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Future Research Topics

Algorithms for load balancing of unstructured mesh based applications have seen rapid development in recent years. However, some problems remain.

Although packages such as JOSTLE and ParMETIS can partition and load balance large meshes very rapidly [83,70], the scalability of these algorithms remains a concern, particularly for applications where the load on each processor changes frequently. As pointed out in [83], these algorithms use only integer operations, the number of which is proportional to the size of the subdomain boundary, with no ``chunky'' floating point operations to ``hide behind''. Also they may not be load balanced and the communication cost may dominate. These factors make it difficult to achieve high scalability.

Almost all algorithms use edge-cut as the cost function for minimization. But this is not necessarily appropriate for all applications. There are a number of limitations of edge-cut based cost functions [38,12]. First of all, edge-cut is not necessarily an accurate measure of the communication time. Factors such as the number of neighbors, the size of the largest inter-processor boundary among all subdomains, as well as the start up cost of the communications all come into play. Second, for some applications, there may be more than one objective that needs to be minimized.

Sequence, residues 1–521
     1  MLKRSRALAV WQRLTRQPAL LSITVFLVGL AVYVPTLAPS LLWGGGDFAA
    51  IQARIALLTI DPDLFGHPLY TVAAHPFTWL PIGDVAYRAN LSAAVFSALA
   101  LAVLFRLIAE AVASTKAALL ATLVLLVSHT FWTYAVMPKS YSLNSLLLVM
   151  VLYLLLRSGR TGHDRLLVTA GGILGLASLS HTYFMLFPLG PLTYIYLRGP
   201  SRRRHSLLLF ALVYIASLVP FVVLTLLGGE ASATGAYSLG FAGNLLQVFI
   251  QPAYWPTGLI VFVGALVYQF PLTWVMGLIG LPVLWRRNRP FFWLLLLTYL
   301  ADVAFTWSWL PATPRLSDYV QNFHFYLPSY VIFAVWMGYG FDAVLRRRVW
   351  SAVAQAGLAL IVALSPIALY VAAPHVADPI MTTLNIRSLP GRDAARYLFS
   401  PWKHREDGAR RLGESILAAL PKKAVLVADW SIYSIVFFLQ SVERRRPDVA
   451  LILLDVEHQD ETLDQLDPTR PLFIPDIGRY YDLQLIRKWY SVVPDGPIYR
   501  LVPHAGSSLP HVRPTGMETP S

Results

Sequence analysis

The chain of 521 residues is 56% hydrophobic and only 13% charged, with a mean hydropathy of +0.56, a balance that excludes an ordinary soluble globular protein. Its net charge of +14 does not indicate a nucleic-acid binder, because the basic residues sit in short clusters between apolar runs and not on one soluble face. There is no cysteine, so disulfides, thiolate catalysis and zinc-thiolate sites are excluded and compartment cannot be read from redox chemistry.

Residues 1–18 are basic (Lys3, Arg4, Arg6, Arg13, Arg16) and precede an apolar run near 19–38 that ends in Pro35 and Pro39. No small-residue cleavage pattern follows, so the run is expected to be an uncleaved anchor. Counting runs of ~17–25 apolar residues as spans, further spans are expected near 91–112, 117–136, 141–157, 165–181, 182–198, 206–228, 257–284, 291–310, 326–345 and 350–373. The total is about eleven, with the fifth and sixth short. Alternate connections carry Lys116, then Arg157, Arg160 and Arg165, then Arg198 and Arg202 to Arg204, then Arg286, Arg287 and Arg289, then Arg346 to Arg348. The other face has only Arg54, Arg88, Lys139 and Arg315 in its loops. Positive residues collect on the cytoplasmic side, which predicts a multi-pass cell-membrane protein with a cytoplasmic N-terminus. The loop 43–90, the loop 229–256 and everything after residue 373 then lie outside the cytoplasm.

For applications where domain decomposition type solvers or preconditioners are used, factors such as aspect ratio of the subdomains affect the convergence, through the interface problem [22,23]. There have been some studies of special partitioning algorithms that take this into account [16,84]. In [16], the reduction of the aspect ratio of subdomains was achieved through the migration of vertices that were far away from the geometric center of the subdomain. In [84], the aspect ratio was simplified to a localized function of the interface surface areas, which was associated with the edges of the dual graph. The problem of minimizing the aspect ratio of the subdomains was transformed to that of minimizing the sum of edge weights cut by the partitioning, which can be dealt with in a similar way to minimizing the edge-cut. In both studies the minimization of aspect ratio is balanced against the minimization of edge-cut so that the communication cost resulting from the partitioning will be kept in check. It remains to be seen that these aspect ratio based partitioning algorithms do indeed improve the convergence of the solvers.